RENO — Wild-horse fertility control and sage-grouse habitat conservation are among top priorities in the proposed $1.1 billion budget for the federal Bureau of Land Management.
President Barack Obama’s request for the 2015 fiscal year calls for an increase of $2.8 million in funding for the agency’s wild horse and burro program, and would allow it to continue studies to develop more effective contraceptive drugs and techniques.
The BLM has pledged to step up the use of fertility control as an alternative to controversial roundups of what it calls overpopulated mustang herds on U.S. rangelands in the West.
If approved by Congress, the request will further the BLM’s implementation of recommendations made by an independent panel of the National Academy of Sciences in 2013, agency officials said.
In a report highly critical of the BLM, the panel said the agency should invest in widespread fertility control of the mustangs instead of spending millions to house them.
It concluded the BLM’s removal of nearly 100,000 horses from the Western range over the past decade is probably having the opposite effect of its intention to ease ecological damage and reduce overpopulated herds.
The BLM treated about 1,000 mares in 2012 but only about half that last year, records show, far short of the annual goal of 2,000 then-BLM Director Bob Abbey announced in 2011.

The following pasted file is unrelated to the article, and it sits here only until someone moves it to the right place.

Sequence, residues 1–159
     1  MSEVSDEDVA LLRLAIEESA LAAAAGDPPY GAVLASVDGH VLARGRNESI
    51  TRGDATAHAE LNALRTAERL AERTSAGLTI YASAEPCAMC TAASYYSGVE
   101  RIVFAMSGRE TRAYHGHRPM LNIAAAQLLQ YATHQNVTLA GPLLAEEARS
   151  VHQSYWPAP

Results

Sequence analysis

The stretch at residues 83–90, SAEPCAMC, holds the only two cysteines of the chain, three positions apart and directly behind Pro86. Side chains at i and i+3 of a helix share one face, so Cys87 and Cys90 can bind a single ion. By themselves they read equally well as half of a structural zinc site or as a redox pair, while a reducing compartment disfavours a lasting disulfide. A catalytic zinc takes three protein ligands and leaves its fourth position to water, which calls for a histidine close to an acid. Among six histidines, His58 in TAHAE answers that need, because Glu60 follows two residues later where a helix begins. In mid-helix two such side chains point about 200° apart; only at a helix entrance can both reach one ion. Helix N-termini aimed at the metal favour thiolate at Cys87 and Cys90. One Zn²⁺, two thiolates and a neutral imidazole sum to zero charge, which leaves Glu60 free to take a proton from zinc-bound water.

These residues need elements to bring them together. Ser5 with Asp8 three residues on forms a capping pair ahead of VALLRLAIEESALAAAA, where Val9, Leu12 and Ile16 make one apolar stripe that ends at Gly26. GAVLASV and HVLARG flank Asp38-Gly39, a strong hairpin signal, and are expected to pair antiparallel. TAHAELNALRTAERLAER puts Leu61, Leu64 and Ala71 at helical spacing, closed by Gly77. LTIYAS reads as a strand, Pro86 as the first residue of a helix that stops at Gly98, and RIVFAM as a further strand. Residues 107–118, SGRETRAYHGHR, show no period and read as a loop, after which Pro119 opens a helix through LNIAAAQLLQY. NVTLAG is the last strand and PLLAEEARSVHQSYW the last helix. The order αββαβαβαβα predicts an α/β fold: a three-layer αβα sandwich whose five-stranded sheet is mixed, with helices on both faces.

Anne Novak of California-based Protect Mustangs questioned the value of fertility control and called on Congress to embrace “holistic” land management by keeping mustangs on the range to rebuild soil and reverse desertification. She thinks the agency’s horse roundups have caused the herds to have an increased birthrate.
“Throwing more drugs, sterilizations and pesticides on native wild horses is a backwards approach,” Novak said. “It’s time to help our American wild horses contribute to the thriving natural balance of the ecosystem using fresh science.”
The budget also seeks to maintain funding for the BLM’s initiative to conserve sage-grouse habitat across the West to avoid the bird’s listing as an endangered or threatened species. The agency plans to complete the plan in the upcoming fiscal year. Such a listing would have economic consequences for ranching, mining and alternative energy development across large swaths of land.
Another top budget priority is authorization of a nonprofit foundation to help provide the BLM with new ways to work with the public on landscapes and programs, including wild horse and burro management.
“The BLM carries a great responsibility in its stewardship of roughly 10 percent of the nation’s land,” BLM Principal Deputy Director Neil Kornze said in a statement. “We strive each day to strike the right balance under our multiple use and sustained yield mandate.”
Kornze testified on the budget at a hearing Friday before the House Subcommittee on Interior, Environment and Related Agencies.